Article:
An affinity for materials: it’s the clear connection between Martin von Freeden’s youthful first efforts making boats from wood, to his current role as head of design at V-ZUG in Switzerland. For the past few years he’s been putting that affinity to good use, developing Excellence with sector-leading standards in material sustainability.
But the excellence doesn’t end there – the new range has married V-ZUG’s signature mirror glass and minimalist aesthetics with a pioneering user interface. We caught up with von Freeden to hear how this self-confessed ‘hardware person’ is also steering the company’s digital evolution.
How do you define excellence in a contemporary design context and how does the V-ZUG approach reflect this?
MvF: For me, contemporary life at this moment [comes] with a lot of information. It’s all over-designed and all very fast and the last two years was a very emotional world. [Our] idea is really to make this a very quiet design, a very timeless design, extremely reduced, we take everything away that’s not necessary.
The thinking is to make life easier, not more complex, because many products make it more complex. We try to go to the other direction. Our way, we call this ‘simplexity’. We do it with great functions in the cooking process. That means you can cook like a chef, but with only two or three clicks.
Excellence takes V-ZUG to a new level in terms of its design interface. How did you resolve the technical innovations associated with that while still delivering ‘simplexity’ for the customer?
MvF: The quality of the user interface and the software integration with the hardware [is] this challenge in usability. Because, like many companies, we are moving from a mechanical to a digital world. In the end, the best way is you sit together with the software team, with the laboratory, with the engineers and in these interdisciplinary teams you discuss – but always with the idea to have the customer in the centre of the table and sitting with us, to bring the best solution.
And now we’ve made a very big step to compete in this digital world. That is the idea for the products – it’s only a piece of glass, but with a high-tech machine. I think this contrast is extremely interesting.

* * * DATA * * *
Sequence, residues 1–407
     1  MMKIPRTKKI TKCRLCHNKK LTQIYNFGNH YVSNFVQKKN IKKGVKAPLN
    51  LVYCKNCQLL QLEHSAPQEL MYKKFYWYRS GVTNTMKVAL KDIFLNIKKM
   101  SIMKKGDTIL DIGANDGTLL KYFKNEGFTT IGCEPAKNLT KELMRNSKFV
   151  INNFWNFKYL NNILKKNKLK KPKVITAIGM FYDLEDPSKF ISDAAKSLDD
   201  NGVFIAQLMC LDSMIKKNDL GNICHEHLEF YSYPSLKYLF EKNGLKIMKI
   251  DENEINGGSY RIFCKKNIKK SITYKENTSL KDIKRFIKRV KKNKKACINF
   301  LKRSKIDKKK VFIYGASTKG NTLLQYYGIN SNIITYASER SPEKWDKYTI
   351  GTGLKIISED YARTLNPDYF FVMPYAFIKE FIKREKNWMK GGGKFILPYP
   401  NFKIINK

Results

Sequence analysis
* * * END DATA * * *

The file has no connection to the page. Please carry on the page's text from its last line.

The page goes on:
Building on that idea of contrast – how have you enhanced the technology with the more tactile elements of the design, such as the new ‘circle slider’ that’s used to navigate the interface?
MvF: If you zoom into the circle slider, we milled this into the glass, and it’s very close to the screen. The idea was really to bring the hardware and software together – you have a better feeling of guidance with this movement. It’s like a mechanical knob, but milled into the glass with the screen in the back part, and that means the ‘knob’ changes digitally.
So you have a combination of something hardware with something very flexible in the software, and this is like magic. And it’s also very flat, because we’re seeing that kitchens want this more – and it’s very easy to clean.
You’ve spoken previously about wanting to bring joy of use and creativity of use to V-ZUG customers. Why are these lifestyle outcomes, in particular, so important to you?
MvF: The most joy of use comes out when you interact with the new user interface, it’s like a smart device and it’s very flexible, you can individualise it.
I think this is very fun and it makes sense because when you buy an oven or steamer you have it for 15 or 20 years and your life is changing. You can play with the product and it can [change with] your situation. Also how your day works – maybe in the week it’s something very fast [but] on the weekend we want to make something special.
It’s this flexible life that we want to bring into the products. […] And one of my visions is to bring more lifestyle and more design quality into this world of home appliances. I say beauty is a function because I’m convinced if something is beautiful, you’re going take much more care of it.